The gang of sympathetic survivors on The Walking Dead often find themselves in life-or-death conflicts with groups of malignant fellow humans. While these plots unfold, walkers are regulated to the background, sometimes in a quite literal sense. Critics cite this trend as a negative aspect of The Walking Dead: Perhaps it's evidence that the show has dragged on past its expiration date. But it's not the writers' fault that the only thing walkers do becomes less shocking and disturbing the more times the audience sees them do it! Feasting on human flesh is their entire gig!

Walkers must find fire utterly fascinating

Walkers are drawn to fire, even though they're every bit as flammable as the living humans they chase. It's no matter, to them: They'll stand near fire until the flames climb up their bodies to use their skulls as crock pots for their brains. So what's the appeal? Some have speculated that the fascination can be attributed to a leftover fondness for heat and motion, lingering in faded memories of walkers' pre-undead existences. There might be some truth to that, but we wonder if the attraction is actually based on a totally knee-jerk interest in aesthetics. After all, fire is shiny and pretty, and if you're a walker whose pain receptors don't work anymore, you won't even notice you're burning alive until it's too late to do much about it. Who's to say walkers don't have a sense of glamour?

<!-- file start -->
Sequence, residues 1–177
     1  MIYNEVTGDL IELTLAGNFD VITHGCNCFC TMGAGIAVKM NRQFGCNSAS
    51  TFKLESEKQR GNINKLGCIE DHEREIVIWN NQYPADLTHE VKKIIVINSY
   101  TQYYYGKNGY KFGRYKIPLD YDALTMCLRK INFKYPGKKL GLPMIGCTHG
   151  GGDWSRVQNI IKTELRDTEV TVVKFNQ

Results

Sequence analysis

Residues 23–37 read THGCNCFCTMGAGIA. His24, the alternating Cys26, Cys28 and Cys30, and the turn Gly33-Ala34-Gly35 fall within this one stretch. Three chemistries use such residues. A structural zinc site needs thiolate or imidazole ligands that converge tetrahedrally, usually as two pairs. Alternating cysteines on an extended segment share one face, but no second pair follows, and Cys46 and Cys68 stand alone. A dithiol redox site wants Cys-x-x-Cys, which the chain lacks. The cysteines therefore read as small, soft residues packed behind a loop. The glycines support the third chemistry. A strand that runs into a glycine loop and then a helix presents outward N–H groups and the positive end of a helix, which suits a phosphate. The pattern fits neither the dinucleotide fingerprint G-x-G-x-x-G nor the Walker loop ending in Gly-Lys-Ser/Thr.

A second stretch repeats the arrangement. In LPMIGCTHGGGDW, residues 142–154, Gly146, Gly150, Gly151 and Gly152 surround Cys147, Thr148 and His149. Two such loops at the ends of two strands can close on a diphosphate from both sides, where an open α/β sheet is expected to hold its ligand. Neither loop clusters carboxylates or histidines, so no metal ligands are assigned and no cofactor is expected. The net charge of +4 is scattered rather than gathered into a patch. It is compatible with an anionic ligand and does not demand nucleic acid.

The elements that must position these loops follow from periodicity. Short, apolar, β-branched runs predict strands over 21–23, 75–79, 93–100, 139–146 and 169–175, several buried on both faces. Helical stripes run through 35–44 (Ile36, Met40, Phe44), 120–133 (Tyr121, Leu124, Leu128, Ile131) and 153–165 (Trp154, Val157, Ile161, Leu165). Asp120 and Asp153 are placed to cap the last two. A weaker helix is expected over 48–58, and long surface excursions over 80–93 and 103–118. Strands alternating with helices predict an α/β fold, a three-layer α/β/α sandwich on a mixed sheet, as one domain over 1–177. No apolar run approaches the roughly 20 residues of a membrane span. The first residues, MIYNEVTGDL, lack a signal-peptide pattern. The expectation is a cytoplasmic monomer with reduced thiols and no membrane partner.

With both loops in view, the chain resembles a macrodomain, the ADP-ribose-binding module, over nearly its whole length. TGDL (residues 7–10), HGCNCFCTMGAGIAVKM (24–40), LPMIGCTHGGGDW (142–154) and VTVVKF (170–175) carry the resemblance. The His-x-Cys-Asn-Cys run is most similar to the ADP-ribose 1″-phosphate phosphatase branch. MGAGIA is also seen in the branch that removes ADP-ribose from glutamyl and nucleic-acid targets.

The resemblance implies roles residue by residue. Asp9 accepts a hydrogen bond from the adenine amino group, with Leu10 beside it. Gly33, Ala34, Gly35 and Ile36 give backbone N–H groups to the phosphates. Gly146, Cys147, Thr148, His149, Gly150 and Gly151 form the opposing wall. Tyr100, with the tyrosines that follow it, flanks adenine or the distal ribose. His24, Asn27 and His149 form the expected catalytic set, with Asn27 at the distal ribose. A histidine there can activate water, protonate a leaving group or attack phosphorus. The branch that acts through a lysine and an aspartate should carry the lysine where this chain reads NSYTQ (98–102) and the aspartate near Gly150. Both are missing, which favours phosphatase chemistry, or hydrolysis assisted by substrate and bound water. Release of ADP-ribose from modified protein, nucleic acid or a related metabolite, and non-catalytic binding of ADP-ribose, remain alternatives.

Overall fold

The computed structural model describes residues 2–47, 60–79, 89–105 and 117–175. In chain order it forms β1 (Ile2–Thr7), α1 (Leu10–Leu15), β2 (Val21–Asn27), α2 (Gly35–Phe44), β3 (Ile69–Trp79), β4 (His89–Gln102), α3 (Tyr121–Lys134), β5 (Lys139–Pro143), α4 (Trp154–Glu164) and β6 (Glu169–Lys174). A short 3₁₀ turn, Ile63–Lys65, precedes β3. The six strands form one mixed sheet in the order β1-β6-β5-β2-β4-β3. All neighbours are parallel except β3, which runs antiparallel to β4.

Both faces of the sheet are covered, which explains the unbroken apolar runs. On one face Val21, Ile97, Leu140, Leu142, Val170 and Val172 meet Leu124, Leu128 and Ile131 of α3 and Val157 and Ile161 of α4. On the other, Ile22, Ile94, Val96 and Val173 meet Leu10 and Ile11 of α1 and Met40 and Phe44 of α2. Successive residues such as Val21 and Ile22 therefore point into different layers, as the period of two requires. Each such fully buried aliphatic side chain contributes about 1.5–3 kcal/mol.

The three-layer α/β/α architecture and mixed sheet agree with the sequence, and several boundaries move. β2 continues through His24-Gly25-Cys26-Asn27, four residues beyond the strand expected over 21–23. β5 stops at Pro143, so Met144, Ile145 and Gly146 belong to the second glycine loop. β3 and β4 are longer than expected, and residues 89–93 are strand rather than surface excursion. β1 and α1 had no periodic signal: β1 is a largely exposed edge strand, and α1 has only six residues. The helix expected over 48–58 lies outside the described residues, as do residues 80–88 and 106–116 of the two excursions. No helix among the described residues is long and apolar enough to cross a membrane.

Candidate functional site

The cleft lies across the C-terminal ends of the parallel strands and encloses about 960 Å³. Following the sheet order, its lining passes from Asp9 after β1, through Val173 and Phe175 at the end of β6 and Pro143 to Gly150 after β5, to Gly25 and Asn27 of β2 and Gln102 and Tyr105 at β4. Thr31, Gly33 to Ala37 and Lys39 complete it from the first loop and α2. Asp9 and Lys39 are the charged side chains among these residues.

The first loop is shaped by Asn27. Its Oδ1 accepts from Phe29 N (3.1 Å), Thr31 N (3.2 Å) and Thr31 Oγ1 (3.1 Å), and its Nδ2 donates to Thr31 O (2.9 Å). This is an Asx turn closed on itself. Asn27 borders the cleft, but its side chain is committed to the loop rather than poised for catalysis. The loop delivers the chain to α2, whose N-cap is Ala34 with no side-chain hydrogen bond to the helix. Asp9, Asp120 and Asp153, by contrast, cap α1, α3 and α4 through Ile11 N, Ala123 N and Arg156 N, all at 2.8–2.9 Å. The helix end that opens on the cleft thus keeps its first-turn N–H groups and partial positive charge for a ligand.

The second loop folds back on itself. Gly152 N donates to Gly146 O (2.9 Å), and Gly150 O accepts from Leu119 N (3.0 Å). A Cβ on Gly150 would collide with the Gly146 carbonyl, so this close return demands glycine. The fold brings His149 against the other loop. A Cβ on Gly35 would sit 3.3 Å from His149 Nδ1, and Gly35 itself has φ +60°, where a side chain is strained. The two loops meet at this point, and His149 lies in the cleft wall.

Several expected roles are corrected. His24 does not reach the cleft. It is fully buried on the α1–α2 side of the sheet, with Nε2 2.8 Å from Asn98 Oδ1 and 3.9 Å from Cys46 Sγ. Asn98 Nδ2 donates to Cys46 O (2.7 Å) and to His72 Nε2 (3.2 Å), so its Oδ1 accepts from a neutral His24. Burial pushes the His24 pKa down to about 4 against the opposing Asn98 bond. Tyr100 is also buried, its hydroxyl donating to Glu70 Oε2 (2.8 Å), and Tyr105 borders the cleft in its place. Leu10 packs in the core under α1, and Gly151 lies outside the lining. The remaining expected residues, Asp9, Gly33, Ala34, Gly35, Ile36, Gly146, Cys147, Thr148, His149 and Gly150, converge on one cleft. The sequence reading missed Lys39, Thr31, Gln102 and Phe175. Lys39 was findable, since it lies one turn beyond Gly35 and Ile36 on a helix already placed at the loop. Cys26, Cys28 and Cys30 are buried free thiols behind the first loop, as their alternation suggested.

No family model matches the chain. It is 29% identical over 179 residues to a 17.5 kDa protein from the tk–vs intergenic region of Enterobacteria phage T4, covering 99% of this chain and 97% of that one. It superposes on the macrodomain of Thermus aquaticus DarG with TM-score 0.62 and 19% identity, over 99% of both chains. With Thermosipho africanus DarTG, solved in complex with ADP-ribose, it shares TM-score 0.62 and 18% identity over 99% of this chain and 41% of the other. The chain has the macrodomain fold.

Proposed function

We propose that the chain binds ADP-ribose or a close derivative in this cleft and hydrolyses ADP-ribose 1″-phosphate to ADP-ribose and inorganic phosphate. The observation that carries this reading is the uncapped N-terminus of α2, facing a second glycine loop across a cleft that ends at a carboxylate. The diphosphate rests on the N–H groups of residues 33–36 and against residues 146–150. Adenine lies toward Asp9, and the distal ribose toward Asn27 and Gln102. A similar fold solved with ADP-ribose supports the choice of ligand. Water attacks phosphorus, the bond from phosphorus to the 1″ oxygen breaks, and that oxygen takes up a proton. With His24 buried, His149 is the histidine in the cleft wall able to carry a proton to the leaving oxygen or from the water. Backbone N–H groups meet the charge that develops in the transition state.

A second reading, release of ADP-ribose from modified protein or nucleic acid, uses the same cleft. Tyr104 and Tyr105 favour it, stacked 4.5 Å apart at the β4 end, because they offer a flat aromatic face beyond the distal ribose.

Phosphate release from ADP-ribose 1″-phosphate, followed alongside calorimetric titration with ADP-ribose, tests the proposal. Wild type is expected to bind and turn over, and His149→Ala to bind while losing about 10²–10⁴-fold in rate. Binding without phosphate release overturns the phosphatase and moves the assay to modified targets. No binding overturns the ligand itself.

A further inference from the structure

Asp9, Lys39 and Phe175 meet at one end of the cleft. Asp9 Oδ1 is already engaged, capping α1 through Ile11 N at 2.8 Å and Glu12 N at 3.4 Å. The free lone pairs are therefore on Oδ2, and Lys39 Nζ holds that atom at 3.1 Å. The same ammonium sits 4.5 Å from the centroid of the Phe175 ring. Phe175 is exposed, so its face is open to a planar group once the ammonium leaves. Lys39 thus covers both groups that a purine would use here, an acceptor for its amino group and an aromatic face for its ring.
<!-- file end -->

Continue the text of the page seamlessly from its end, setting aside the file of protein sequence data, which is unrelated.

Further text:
But we're not here to ponder the how and why of being a walker. We're just reciting the rules — which we did not make ourselves, so don't blame us. The fact of the matter is, apparently, that walkers cannot control their innate attraction to fire. So if you aren't a fan of fire and feel strongly about avoiding the possibility of death by immolation at any point during your time on this planet, then being a walker isn't for you.  

Walkers have to die when someone stabs or shoots them in the brain

This is basically the only rule that applies to both walkers and humans: If your brains cease to sit comfortably and completely within the confines of your skull, you must function no longer. No exceptions. Whether your get shot in the face or head, or whether someone pierces your grey matter with a blade or pointed object doesn't matter. A swift blow of blunt force could also do the trick, as long as it punctures the protective bone layer and squashes the wrinkled ball of goo within. In any of these cases, that's the end of the story for you. You can no longer claim the status of "undead." You are now merely the regular kind of dead.